Singapore: Golf course developers could save hundreds of thousands of dollars by using drone surveying as part of an integrated construction management service.
Speaking during a webinar addressing Why New Technology is Now Essential in Golf Course Management, Owen Hester, Managing Director of Green Dynasty Pte Ltd, said he believes drone technology will have a profound effect on both golf course design and construction in the future.
“A drone survey provides a more detailed and accurate survey versus a traditional survey which can be restricted by access, especially on difficult mountainous sites,” said Hester, who was joined on the webinar by Chris Gray, Head of Sustainability and Agronomy for Asia at The R&A, Bobby Carrington, a Tech Portfolio Advisor for a private equity company in New York City and Head of Customer Success at Brain Pool Tech, and Kai Voges, Co-Founder and CEO of Brain Pool Tech.
“On mountainous sites, if the ground survey is out by just 20 centimetres vertically that could equate to a discrepancy of upwards of 100,000m3 on a typical 18-hole course, or upwards of US$250,000 in potential additional earthworks costs, depending on the soil structure,” added Hester, whose company is well known for its work on some of the most difficult and ambitious golf development and environmental restoration projects in the world.
Green Dynasty’s portfolio includes building in numerous mountainous terrains throughout China, prestigious club redevelopments in Singapore, restoring the sands of the Gobi Desert in Inner Mongolia and working among the ancient Pagoda fields of Myanmar and the rice terraces of Bali in Indonesia. All those undertakings were carried out without the benefit of drone technology.
Hester said an initial drone survey can pick up key site features, such as rocky outcrops and feature trees that a conventional survey does not identify, thus providing the golf course architect with added knowledge when undertaking routing of a course.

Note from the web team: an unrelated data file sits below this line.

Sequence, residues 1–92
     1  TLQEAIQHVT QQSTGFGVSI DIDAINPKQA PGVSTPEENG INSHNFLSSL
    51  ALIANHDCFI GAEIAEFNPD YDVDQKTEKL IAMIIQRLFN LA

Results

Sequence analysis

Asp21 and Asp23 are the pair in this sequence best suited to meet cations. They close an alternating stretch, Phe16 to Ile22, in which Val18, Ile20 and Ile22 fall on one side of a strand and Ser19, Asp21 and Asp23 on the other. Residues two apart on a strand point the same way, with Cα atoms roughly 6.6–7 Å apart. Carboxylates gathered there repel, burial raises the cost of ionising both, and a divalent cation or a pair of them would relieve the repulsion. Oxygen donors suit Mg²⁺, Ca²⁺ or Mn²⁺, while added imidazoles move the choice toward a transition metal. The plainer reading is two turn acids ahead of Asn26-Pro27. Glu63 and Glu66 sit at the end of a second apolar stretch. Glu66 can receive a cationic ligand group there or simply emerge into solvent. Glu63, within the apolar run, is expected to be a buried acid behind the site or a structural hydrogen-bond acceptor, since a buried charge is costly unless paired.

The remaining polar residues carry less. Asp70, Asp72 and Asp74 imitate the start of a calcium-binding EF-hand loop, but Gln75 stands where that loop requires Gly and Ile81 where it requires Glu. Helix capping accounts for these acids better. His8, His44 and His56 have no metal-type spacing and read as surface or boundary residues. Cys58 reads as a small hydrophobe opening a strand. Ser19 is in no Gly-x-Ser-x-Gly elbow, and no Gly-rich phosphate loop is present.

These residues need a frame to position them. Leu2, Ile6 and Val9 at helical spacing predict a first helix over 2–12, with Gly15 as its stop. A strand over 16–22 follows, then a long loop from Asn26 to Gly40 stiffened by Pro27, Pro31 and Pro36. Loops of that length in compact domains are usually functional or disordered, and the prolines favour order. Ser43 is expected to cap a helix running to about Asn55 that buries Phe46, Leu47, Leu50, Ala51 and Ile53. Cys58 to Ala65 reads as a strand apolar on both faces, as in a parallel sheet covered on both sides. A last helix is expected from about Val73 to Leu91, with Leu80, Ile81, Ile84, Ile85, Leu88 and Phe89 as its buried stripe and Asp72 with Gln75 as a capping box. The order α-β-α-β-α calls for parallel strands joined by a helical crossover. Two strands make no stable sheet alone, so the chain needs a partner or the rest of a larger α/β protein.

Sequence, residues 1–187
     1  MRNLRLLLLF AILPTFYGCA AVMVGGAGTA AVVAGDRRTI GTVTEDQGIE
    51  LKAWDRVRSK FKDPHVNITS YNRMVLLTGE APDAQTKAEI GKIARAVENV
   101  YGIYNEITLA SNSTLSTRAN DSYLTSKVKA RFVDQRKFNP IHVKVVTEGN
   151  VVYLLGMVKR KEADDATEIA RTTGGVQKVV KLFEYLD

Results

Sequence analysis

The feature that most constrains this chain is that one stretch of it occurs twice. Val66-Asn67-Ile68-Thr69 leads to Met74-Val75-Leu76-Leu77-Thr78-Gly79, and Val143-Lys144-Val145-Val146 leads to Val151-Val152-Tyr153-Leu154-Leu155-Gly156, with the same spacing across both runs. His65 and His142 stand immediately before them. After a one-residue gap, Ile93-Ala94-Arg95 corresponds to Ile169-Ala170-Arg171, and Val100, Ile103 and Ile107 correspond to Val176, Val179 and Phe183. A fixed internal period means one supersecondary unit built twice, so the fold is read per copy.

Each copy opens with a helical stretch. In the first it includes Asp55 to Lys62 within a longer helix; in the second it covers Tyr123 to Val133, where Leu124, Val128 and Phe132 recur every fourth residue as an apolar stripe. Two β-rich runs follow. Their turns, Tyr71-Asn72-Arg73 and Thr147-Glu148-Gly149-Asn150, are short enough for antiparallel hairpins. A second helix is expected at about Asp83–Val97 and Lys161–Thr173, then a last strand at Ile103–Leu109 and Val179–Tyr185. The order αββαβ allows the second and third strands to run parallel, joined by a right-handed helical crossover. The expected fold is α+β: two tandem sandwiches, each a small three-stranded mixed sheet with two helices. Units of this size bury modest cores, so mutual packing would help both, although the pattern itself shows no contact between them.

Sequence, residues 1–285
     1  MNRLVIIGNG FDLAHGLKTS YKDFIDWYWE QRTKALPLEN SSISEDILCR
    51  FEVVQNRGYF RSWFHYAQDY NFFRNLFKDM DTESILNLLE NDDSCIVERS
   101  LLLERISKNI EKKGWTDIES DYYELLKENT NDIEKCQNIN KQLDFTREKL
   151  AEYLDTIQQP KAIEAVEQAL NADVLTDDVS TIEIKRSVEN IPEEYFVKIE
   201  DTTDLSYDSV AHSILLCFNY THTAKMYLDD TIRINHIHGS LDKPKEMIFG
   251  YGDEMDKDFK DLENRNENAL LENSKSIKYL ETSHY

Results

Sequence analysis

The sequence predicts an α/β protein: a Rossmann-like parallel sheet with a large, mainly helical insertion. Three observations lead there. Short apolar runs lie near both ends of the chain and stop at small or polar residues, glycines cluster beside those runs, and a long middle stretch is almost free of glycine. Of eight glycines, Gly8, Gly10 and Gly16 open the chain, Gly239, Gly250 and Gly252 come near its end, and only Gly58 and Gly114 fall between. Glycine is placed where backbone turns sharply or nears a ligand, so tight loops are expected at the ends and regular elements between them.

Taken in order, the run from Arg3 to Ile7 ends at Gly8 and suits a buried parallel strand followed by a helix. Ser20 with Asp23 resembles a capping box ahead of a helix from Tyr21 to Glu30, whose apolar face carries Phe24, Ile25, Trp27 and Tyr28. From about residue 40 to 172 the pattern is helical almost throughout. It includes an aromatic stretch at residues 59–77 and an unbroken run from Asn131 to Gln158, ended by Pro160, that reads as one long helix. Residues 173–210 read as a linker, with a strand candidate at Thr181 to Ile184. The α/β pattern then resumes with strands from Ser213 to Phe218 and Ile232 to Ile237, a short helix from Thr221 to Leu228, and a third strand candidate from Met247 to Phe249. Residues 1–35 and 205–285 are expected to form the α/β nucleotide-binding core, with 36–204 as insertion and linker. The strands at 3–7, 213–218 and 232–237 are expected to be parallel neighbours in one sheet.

Furthermore, a drone survey allows planners to access a current base photo image for recording change through the project (before and after), and to assess areas outside of the property that effect the site, such as watershed area and water flow onto the site impacting drainage design.
Moving onto the construction phase, Hester said drone surveys allow for a third-party verification of contractor monthly claims by accurately measuring quantities on-site, such as cut and fill progress, drainage, irrigation, material stockpiling and progress of works for clearing grassing.
Other drone benefits include the provision of consistent same point progress photos from set flight paths and accuracy within two centimetres vertically.
“A drone survey also allows for accurate building of final as-built documents. It creates a document that cannot be manipulated as it can overlay an aerial as back-up site reference points,” said Hester.
In regard to maintenance preparation, meanwhile, a drone survey provides an interactive document that can then be imported into long-term maintenance and management planning for monitoring, and allows for progressive measurement every few years to determine if green and all turf areas are changing in size.
Such is the impact of a drone survey, that Green Dynasty, an Associate Business Member of the Asian Golf Industry Federation, is now adapting to use this as part of its service.
“We have developed a service called ‘Green Catch’ in collaboration with Brain Pool to provide drone surveying as part of an integrated construction management service. This will give future clients a higher level of accuracy and site data recording,” said Hester.
*To view this webinar on You Tube, please click the link: https://youtu.be/JkXiAj7R9_s